Too expensive and not practical in a free society. Tourist and student visas alone mean we have an open border.

    • #6
    • January 15, 2013 at 2:58 am
  7. Profile photo of Joseph Paquette Inactive
    Mario the Gator: I would grant citizenship to those who serve in our military and those who obtain at least a 4-year degree from a U.S. university in a STEM major area of study. For everyone else I like the permanent non-citizen option. The last thing we need is more “takers” taking advantage of our generous welfare programs. Those people would certainly vote to keep Liberal Democrats in power forever. · 58 minutes ago

    Not frequently mentioned by democrats, military service already grants a pathway to citizenship.

    • #7
    • January 15, 2013 at 3:02 am
  8. Profile photo of Astonishing Inactive
    Mark Krikorian: . . . .

    . . . I, for instance, am for only one kind of amnesty, a narrow version of the DREAM Act, a DREAM 2.0 that would legalize illegal immigrants who’ve lived here since they were infants or toddlers (not those who arrived as teenagers, which the current version would include) . . . .

    . . . in the end, America should be a republic of citizens, and there’s no place in such a model for a millions-strong population of permanent residents permanently barred from becoming members of the body politic.

    As a practical matter, you cannot reconcile the above two statements.

    Your core agenda is akin to promoting policies to prohibit hurricanes from entering the Gulf of Mexico. You say, “It will work if only they would try it.”

    If it will make you feel better, I could humor you a little way, by replying “Yes, I suppose it might work, but they never will try it.”

    • #8
    • January 15, 2013 at 3:22 am
  9. Profile photo of Instugator Thatcher
    Astonishing

    …Why should we allow economic freedom, when people make so many choices we don’t like? · 7 hours ago

    Edited 6 hours ago

    Loved it.

    • #9
    • January 15, 2013 at 5:02 am
  10. Profile photo of iWe Member
    iWe

    I think we ought to have MORE immigration. But start by eliminating the 30-40+ different labyrinthine tracks that exist now. And replace them as follows:

    Everyone outside the country who has demonstrated assets of >$X million, AND who passes a TOEFL (English test), AND who commits to American ideals is admitted, with a passport within 2 years. No limits. We could use millions of entrepreneurs.

    Everyone inside the country illegally is offered the following deal:

    For 10 years, the recipient and their family agrees:

    A: NO Federal benefits whatsoever (states can make their own calls)

    B: Taxes paid.

    C: No felony convictions

    And at the end of 10 years, they get citizenship. This is not a reward for breaking the law. It is allowing people to make good.

    Anyone who does not sign up within a given amnesty window (say, 3-6 months) to be expelled. Offer a $1k bounty for each illegals reported, with tipoffs kept confidential.

    • #10
    • January 15, 2013 at 5:05 am
  11. Profile photo of Fake John/Jane Galt Member

    Does it matter how I feel? The illegals are going to get amnesty and thus rewarded for breaking the law. There will be promises to close the border, better immigration law and better enforcement that will cost more money and be less effective than what is currently in place. 20 years or so down the road this same discussion will be happening, because we will have millions more illegals than ever before. I have seen all this before.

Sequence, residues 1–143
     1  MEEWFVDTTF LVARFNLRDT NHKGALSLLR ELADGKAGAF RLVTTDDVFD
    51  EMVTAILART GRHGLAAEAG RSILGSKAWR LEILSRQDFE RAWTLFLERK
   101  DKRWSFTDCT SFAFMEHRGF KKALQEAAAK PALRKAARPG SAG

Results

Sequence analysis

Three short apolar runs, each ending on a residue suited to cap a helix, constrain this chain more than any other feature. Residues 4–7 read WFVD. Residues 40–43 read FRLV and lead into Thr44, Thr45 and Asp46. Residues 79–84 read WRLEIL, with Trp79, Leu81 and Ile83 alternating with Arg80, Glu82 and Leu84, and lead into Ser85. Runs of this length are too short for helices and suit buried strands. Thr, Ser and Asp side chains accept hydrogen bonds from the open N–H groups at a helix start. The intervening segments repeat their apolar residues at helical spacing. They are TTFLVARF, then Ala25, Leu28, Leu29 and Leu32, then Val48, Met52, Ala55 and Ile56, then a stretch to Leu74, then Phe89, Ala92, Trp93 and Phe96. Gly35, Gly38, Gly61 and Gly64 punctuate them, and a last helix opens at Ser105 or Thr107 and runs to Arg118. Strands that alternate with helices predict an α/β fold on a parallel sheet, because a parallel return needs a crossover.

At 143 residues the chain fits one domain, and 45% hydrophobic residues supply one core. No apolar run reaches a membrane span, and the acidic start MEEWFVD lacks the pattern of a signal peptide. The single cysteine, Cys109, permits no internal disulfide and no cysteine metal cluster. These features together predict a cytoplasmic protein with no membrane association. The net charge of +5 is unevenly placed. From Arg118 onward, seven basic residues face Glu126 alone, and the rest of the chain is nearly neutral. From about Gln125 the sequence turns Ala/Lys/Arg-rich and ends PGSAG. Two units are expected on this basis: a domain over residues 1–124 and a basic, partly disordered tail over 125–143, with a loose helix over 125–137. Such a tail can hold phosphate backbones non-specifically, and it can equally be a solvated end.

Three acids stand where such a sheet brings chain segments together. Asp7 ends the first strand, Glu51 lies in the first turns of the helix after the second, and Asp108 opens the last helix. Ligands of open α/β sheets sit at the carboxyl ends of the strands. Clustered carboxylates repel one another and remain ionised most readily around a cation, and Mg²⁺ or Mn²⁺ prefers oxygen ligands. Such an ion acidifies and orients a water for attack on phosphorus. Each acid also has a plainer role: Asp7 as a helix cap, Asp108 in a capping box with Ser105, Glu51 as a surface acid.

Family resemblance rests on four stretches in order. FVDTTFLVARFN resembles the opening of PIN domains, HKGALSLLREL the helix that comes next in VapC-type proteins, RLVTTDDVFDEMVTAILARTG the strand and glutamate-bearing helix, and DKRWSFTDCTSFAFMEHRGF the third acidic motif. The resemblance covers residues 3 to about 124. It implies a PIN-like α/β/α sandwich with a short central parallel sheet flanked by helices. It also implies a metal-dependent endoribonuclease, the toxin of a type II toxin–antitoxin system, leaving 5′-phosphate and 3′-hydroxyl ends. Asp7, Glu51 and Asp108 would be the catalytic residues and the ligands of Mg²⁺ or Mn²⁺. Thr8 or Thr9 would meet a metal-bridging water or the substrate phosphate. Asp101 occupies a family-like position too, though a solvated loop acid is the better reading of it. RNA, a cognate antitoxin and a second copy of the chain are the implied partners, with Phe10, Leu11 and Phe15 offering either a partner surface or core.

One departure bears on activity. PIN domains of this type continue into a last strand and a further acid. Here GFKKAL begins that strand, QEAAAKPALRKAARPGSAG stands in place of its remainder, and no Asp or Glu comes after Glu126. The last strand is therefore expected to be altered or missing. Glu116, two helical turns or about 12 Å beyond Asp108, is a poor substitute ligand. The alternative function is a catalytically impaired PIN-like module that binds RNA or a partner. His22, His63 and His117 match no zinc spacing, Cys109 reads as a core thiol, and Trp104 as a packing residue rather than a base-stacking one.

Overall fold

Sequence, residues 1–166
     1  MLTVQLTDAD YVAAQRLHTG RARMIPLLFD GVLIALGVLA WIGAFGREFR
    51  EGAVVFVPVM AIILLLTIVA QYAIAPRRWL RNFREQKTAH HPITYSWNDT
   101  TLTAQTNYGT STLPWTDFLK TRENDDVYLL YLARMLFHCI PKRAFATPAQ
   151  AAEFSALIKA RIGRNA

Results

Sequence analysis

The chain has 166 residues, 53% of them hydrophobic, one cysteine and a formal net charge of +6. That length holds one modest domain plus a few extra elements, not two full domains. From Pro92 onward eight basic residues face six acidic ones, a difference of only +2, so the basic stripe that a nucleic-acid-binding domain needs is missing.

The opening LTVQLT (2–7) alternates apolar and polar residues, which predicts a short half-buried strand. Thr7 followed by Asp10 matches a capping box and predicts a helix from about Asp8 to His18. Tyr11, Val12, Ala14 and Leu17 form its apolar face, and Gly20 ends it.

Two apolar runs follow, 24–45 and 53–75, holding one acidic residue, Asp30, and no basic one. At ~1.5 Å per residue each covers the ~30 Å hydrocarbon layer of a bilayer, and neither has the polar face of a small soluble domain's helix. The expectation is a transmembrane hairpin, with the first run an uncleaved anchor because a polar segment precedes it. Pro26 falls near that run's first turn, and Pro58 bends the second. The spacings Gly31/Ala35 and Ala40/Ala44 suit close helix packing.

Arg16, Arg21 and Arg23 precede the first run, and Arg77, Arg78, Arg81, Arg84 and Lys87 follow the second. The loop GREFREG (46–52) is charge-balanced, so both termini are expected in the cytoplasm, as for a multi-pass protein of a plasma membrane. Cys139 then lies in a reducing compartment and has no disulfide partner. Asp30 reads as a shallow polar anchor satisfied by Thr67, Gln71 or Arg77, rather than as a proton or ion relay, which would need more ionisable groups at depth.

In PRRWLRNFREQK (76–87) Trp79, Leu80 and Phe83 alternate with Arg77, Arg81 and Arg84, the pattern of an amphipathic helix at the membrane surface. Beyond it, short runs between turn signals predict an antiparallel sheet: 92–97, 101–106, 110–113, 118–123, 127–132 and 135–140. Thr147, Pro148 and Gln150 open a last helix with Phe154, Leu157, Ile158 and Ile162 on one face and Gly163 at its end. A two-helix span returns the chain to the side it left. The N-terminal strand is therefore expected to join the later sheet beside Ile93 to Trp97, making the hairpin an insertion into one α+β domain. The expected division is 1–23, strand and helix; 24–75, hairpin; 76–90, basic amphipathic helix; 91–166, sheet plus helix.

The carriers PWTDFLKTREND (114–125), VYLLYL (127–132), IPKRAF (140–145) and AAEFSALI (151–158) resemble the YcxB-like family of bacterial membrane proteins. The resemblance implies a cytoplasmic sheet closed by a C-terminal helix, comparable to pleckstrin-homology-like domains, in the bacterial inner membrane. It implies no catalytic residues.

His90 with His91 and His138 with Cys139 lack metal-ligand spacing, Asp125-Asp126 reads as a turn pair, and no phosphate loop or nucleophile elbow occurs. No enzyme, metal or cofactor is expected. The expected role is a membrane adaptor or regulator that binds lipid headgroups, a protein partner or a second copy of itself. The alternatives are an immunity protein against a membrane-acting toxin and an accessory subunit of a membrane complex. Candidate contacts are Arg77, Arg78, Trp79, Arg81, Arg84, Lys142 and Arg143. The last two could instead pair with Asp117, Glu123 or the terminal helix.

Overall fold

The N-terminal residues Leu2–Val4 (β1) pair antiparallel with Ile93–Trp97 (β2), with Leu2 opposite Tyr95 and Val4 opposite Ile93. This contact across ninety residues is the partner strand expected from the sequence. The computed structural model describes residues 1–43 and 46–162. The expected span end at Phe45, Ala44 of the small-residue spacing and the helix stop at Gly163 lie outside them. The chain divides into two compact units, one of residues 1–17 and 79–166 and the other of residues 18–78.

• #11
    • January 15, 2013 at 5:43 am
  12. Profile photo of Johnny Dubya Member

    Why should there be a “path to citizenship” for people in this country illegally at this particular moment in history? What is so unique and important about this particular cohort? What happens when a new illegal cohort amasses itself? Will we have more paths to citizenship, as far as the eyes can see? Why should we reward those who have flouted our laws? Isn’t that manifestly unfair to those who have followed the rules? What does that say about us as a society? Why shouldn’t we be the ones who decide whom we want to admit? Why should we allow any immigration of unskilled or low-skill workers while the unemployment rate is so high? Why should we allow chain migration? Why should the entire family–parents, uncles, cousins–of an immigrant be allowed citizenship with little or no consideration given to what they can offer the U.S.? Why does one have to pussy-foot around the topic of illegal immigration when talking to Hispanic citizens? Don’t they care about laws? Why is the truism “we are a nation of immigrants” considered a sufficient argument for unfettered immigration? Why are these questions considered “rude” and not worthy of a “national conversation”?

    • #12
    • January 15, 2013 at 6:37 am
  13. Profile photo of iWe Member
    iWe
    Kevin Walker: Why should there be a “path to citizenship” for people in this country illegally at this particular moment in history?

    Because every criminal not on death row has a pathway to redemption.

    It is national ideal that we believe people, by legally following their self interest, can improve and better themselves and those around them. It is an essential part of being American.

    • #13
    • January 15, 2013 at 6:41 am
  14. Profile photo of Johnny Dubya Member

    A hiker who accidentally strays over the Iran border is immediately picked up, thrown in prison, and made the subject of an international incident. Why can’t we control our border like the Iranians control theirs?

    • #14
    • January 15, 2013 at 6:49 am
  15. Profile photo of Johnny Dubya Member

    Why do we say the immigration system is “broken” when the problem is lack of enforcement of existing laws? If I don’t turn on my furnace when it gets cold, does that mean that it’s “broken”?